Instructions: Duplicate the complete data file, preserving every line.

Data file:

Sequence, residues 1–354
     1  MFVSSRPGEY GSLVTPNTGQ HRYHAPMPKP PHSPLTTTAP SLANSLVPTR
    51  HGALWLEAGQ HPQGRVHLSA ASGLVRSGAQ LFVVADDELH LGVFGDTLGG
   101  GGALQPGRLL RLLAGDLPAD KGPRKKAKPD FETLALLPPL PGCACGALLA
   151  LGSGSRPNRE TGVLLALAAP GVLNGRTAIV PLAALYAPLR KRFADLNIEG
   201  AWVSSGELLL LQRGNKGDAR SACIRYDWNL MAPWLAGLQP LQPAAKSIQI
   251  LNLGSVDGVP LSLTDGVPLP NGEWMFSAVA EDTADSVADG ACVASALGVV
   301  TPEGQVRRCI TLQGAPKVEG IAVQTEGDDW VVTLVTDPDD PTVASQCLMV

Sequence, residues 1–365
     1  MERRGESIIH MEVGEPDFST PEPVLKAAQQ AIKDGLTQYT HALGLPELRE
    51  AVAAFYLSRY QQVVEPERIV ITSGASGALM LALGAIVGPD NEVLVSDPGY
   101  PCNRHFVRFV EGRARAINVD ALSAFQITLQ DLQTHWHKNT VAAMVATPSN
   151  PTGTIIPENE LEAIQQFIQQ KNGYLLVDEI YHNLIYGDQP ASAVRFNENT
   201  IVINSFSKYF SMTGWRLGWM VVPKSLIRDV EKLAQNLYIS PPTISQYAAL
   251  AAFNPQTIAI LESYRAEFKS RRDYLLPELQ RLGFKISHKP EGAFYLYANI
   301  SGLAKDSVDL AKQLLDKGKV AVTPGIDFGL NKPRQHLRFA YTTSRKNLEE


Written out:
Sequence, residues 1–354
     1  MFVSSRPGEY GSLVTPNTGQ HRYHAPMPKP PHSPLTTTAP SLANSLVPTR
    51  HGALWLEAGQ HPQGRVHLSA ASGLVRSGAQ LFVVADDELH LGVFGDTLGG
   101  GGALQPGRLL RLLAGDLPAD KGPRKKAKPD FETLALLPPL PGCACGALLA
   151  LGSGSRPNRE TGVLLALAAP GVLNGRTAIV PLAALYAPLR KRFADLNIEG
   201  AWVSSGELLL LQRGNKGDAR SACIRYDWNL MAPWLAGLQP LQPAAKSIQI
   251  LNLGSVDGVP LSLTDGVPLP NGEWMFSAVA EDTADSVADG ACVASALGVV
   301  TPEGQVRRCI TLQGAPKVEG IAVQTEGDDW VVTLVTDPDD PTVASQCLMV

Sequence, residues 1–365
     1  MERRGESIIH MEVGEPDFST PEPVLKAAQQ AIKDGLTQYT HALGLPELRE
    51  AVAAFYLSRY QQVVEPERIV ITSGASGALM LALGAIVGPD NEVLVSDPGY
   101  PCNRHFVRFV EGRARAINVD ALSAFQITLQ DLQTHWHKNT VAAMVATPSN
   151  PTGTIIPENE LEAIQQFIQQ KNGYLLVDEI YHNLIYGDQP ASAVRFNENT
   201  IVINSFSKYF SMTGWRLGWM VVPKSLIRDV EKLAQNLYIS PPTISQYAAL
   251  AAFNPQTIAI LESYRAEFKS RRDYLLPELQ RLGFKISHKP EGAFYLYANI
   301  SGLAKDSVDL AKQLLDKGKV AVTPGIDFGL NKPRQHLRFA YTTSRKNLEE